A Time interview by Jared Kushner this week brought an unexpected windfall for the Biden campaign on one of the most embarrassing stories this month. Recently, former Vice President Joe Biden peddled a bizarre conspiracy theory that President Donald Trump had decided to halt the November election. As I pointed out in a column, the theory showed a striking lack of constitutional knowledge and was legally impossible. Yet, as if on cue from the Biden campaign, Kushner yesterday swept in and offered critics exactly what they were seeking in saying that it is “too far in the future to tell” whether the November election would be held. The answer is that it is not “too far” if you have a modicum of constitutional knowledge. The November election will be held unless there is a coup or an act of collective congressional insanity.
Kushner was asked a question that clearly referenced the Biden conspiracy theory. It should have been a soft ball question where Kushner highlighted Biden’s bizarre lack of understanding of the system. Instead, he told TIME that November was “too far in the future to tell.” He then added:
“It’s not my decision to make, so I’m not sure I can commit one way or the other. I’m not sure I can commit one way or the other, but right now that’s the plan. Hopefully by the time we get to September, October, November, we’ve done enough work with testing and with all the different things we’re trying to do to prevent a future outbreak of the magnitude that would make us shut down again.”
In fairness to Kushner, he seemed surprised by the question and was disavowing any control over a decision. What is odd is that he was clueless about the Biden controversy and the underlying constitutional realities. It is not a “plan” that is subject to revision and certainly not up to the President. As I wrote earlier:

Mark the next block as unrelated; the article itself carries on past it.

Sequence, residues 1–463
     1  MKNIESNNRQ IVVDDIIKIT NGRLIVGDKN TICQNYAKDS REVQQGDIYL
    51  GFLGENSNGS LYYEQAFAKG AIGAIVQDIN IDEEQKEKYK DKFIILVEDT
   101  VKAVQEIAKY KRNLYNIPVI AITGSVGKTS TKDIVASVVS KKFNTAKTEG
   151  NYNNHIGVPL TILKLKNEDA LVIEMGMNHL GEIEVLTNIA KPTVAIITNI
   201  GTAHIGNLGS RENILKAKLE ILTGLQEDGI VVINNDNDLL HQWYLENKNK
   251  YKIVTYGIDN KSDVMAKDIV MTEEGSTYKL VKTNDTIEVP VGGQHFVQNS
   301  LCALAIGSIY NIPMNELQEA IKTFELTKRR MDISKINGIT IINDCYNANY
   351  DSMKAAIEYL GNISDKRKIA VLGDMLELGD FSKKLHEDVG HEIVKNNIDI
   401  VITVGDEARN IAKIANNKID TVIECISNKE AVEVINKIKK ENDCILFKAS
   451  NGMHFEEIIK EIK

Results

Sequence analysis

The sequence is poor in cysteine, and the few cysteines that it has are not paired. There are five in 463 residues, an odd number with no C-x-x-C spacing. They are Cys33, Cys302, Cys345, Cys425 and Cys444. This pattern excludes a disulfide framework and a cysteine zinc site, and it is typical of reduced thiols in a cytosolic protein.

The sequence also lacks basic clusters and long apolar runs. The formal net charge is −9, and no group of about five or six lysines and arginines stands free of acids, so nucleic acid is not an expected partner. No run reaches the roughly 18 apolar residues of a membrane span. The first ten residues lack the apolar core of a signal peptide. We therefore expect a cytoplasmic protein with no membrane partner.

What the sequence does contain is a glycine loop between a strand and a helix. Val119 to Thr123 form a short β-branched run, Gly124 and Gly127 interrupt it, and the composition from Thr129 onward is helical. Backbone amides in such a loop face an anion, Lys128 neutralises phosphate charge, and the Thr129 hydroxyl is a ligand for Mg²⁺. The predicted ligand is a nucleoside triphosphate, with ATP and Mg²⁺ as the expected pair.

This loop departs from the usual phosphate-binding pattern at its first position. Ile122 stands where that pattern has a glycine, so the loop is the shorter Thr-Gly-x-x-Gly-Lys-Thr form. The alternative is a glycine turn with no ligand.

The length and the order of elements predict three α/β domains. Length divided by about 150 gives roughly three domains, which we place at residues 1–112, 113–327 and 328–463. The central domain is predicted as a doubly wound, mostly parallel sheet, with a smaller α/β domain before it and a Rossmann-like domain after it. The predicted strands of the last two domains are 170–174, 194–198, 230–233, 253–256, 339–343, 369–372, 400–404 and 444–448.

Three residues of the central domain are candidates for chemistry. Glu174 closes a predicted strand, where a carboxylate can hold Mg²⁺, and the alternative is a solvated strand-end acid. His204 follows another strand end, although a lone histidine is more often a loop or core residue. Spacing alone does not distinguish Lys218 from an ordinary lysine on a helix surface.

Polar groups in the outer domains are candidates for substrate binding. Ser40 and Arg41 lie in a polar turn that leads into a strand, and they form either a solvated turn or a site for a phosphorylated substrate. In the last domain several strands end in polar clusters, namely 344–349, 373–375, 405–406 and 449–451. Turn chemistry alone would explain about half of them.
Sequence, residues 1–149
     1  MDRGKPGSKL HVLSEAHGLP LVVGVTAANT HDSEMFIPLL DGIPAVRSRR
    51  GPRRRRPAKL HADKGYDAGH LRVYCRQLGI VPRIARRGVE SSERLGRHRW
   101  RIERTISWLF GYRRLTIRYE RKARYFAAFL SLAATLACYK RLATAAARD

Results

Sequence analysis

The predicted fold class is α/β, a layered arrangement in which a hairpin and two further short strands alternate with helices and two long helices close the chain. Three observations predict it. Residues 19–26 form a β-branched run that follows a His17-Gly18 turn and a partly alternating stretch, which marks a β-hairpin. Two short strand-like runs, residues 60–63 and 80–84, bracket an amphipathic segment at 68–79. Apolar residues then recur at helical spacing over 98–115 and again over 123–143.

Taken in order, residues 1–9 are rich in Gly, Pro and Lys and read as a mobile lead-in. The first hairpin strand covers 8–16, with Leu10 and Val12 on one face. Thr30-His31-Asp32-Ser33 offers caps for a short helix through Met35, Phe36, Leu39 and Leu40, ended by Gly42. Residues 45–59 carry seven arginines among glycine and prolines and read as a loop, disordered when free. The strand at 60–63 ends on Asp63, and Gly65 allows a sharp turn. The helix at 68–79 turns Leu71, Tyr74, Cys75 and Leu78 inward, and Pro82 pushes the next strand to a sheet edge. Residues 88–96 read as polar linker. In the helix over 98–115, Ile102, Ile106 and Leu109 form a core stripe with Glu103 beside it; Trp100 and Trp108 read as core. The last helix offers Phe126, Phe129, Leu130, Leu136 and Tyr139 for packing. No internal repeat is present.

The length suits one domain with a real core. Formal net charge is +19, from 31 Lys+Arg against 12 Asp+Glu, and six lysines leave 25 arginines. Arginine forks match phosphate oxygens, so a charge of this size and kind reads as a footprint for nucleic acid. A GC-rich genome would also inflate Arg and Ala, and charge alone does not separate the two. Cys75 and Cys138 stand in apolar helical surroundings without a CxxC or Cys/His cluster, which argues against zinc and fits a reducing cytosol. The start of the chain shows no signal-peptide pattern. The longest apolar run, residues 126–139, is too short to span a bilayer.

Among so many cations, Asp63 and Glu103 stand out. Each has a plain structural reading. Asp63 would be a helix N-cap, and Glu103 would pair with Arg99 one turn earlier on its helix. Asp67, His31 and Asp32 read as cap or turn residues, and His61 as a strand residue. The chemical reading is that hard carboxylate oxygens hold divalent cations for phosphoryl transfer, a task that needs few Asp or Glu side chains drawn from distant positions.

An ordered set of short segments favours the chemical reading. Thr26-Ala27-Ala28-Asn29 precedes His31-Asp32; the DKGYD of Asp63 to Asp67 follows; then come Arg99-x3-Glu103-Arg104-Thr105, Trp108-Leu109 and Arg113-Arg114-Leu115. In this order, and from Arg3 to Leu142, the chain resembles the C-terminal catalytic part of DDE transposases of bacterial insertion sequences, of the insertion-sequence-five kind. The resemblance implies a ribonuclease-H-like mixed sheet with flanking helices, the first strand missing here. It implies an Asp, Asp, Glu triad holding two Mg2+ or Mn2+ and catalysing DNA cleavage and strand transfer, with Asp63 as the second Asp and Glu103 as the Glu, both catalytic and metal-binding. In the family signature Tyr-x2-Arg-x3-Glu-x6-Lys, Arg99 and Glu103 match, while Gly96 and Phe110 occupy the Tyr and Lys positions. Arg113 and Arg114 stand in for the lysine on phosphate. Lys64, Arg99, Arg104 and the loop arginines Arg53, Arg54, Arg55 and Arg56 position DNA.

“Now for a constitutional reality check. Elections are managed by the states and not the federal government under Article Two. The date of the presidential election is set by federal law and not subject to an executive order. Even war or martial law does not suspend the date of the presidential election. Since 1845, Congress has mandated that the presidential election be held the Tuesday after the first Monday in November every four years. In order to change that date, Trump would have to have both chambers of Congress vote to do so.
Finally, any delay in the election would also collide with the 20th Amendment, which extinguishes the power of the prior president at noon on January 20. Even if Trump persuaded Congress to delay the election past that date, his term still constitutionally ends on that date unless he is reelected.”
To put it simply, it is not that it is too early for a plan to halt the election. Rather, it is over 175 years too late that say otherwise.